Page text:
Exchange Server 2013 Backup and Restore 101 (Part 11)

If you would like to read the other parts in this article series please go to:

At this point, our clients are accessing the information before the crash and all new messages are arriving in their mailboxes, however we have a gap of messages that were delivered in the dial tone database that are not accessible yet.

The first step is to clean the folder where we have the recovery database (RDB01), move the temporary database (TDB01 – Temp DB.edb) file to that location, and then rename it to rDB01.edb, which is the name expected on the Recovery Database. The process to move and rename the file is shown in Figure 01.

Figure 01

Then, we need to mount the recovery database, the entire process including the validation in Figure 02.

Figure 02

We can list all the mailboxes that are available in the Recovery Database (which is our Temporary Database). In the output of the cmdlet we can see that the Number6 mailbox is there and it has five items (Figure 03). The cmdlet below is important because we list the MailboxGuid attribute and we need that information to perform the restore of the information.

Get-MailboxStatistics –Database RDB01 | ft DisplayName,MailboxGuid,ItemCount -AutoSize

Figure 03

In order to restore the information from a single user, we can use the cmdlet shown below (Figure 04). The New-MailboxRestoreRequest requires 2 pieces of information to find out the source (source database and the sourcestoremailbox which is the MailboxGUID) and just the target mailbox and that is it.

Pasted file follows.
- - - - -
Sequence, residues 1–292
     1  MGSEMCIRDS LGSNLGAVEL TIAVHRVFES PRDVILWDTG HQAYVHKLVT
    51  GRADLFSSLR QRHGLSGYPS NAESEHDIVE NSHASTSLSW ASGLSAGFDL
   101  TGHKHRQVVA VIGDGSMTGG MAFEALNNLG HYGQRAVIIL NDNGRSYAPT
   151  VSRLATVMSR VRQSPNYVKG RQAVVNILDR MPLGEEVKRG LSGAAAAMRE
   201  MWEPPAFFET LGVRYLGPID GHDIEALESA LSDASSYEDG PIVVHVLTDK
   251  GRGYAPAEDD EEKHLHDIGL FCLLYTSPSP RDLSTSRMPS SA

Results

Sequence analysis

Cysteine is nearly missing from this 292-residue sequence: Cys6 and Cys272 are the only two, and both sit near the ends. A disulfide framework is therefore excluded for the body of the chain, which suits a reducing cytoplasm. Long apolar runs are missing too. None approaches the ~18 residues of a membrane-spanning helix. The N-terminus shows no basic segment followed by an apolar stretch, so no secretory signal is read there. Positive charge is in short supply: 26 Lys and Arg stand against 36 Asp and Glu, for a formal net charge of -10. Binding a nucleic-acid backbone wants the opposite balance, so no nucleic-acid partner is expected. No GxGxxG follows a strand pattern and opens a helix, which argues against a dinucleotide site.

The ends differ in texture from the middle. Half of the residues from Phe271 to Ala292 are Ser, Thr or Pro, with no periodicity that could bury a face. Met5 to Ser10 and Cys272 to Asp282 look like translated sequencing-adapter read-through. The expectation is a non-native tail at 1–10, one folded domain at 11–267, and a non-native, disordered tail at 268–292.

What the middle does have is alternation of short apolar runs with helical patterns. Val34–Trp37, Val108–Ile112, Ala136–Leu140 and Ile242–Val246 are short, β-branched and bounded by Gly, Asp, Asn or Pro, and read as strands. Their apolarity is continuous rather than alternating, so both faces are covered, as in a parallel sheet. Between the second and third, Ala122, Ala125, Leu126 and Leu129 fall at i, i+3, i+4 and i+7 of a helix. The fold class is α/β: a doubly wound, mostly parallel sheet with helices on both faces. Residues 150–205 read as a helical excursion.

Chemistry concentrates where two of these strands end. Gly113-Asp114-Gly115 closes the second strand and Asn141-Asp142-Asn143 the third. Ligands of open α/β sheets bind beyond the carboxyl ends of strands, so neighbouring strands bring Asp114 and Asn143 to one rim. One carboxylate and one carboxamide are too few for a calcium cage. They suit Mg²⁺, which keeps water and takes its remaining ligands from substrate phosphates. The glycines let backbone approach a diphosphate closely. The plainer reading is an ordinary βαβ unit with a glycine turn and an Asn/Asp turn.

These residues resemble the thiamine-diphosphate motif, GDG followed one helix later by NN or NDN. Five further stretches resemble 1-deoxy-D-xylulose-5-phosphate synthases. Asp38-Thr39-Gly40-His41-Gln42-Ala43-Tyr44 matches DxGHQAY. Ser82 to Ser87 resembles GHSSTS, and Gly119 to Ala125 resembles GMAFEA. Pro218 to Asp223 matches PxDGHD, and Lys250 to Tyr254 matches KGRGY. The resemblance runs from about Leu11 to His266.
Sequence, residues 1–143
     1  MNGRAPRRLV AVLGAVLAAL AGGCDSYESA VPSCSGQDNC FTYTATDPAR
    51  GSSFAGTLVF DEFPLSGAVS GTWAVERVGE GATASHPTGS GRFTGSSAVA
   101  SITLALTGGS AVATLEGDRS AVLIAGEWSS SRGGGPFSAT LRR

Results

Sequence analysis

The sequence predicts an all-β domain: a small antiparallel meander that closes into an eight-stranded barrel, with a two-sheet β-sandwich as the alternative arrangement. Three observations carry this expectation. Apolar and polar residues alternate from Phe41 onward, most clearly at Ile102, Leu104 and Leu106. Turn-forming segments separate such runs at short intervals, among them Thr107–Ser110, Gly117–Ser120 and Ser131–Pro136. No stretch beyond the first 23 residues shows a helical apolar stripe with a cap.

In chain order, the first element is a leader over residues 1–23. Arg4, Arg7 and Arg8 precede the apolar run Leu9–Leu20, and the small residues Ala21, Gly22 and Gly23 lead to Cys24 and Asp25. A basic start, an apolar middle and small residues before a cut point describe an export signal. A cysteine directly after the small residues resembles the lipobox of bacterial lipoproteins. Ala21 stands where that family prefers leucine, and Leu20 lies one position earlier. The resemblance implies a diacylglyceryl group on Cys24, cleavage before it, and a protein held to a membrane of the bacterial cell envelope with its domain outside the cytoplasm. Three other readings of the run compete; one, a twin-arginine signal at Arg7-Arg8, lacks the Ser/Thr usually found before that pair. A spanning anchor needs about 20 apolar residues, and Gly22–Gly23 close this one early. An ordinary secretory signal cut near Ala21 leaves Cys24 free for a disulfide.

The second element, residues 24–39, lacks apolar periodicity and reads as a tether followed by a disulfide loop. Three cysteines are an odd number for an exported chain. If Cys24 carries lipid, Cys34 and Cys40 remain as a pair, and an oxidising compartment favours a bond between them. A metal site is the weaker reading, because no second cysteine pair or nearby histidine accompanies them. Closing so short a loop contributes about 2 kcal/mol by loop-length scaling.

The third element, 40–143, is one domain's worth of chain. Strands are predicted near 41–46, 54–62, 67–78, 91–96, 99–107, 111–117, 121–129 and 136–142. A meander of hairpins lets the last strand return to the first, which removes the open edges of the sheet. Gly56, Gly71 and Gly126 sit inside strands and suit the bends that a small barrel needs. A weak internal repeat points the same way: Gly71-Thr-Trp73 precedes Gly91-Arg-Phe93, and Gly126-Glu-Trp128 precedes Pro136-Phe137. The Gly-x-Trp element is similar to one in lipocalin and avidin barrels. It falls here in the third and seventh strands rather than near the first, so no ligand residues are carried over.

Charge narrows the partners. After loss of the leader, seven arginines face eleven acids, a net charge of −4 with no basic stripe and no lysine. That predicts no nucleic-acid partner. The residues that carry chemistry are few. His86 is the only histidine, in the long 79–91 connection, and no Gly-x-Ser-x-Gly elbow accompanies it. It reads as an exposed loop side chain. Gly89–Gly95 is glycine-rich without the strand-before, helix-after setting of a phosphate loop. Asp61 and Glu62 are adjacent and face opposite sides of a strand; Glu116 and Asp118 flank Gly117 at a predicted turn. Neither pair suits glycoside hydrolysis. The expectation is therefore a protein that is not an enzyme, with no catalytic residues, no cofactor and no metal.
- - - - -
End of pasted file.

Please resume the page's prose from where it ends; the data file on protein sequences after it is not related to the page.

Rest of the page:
New-MailboxRestoreRequest –SourceStoreMailbox <MailboxGUID> -SourceDatabase RDB01 –TargetMailbox Number6

Figure 04

We can track the status of the process using Get-MailboxRestoreRequest cmdlet, and after it finishes, we can check the OWA (Figure 05) of the user and all messages will be available (before the crash and messages from the period of the dial tone database).

Figure 05

Removing unnecessary databases…

Now that the users have all their data back on their mailboxes and the service is completely restored, we can work on removing the databases that were used during the dial tone recovery process. The first step in our scenario is to check which databases are mounted, and we can do that by running Get-MailboxDatabaseCopyStatus cmdlet (Figure 06).

Figure 06

In the last article, we mounted the restored database in the TDB01 Mailbox Database, and then we moved all data from the Recovery Database (RDB01) to the TDB01 and that became our master copy with all old data, and the data from the dial tone which is receiving the new messages.

For all other databases, including the original database that had a problem (DB01) and the Recovery Database (RDB01), will need to be removed from Exchange Server and most important, remove the files from the file system to save disk space.

In order to remove a database, first we need to dismount it using the Dismount-Database <DBName> cmdlet, as shown in Figure 07. A confirmation will be required.

Figure 07

Before removing the Mailbox Database, we need to know where the Database and its log files are located. Using the cmdlet below (Figure 08), a list of all Mailbox Databases, their names, Database file location and log files will be listed.

Get-MailboxDatabase | Select Name,EDB*,LogFolder* | fl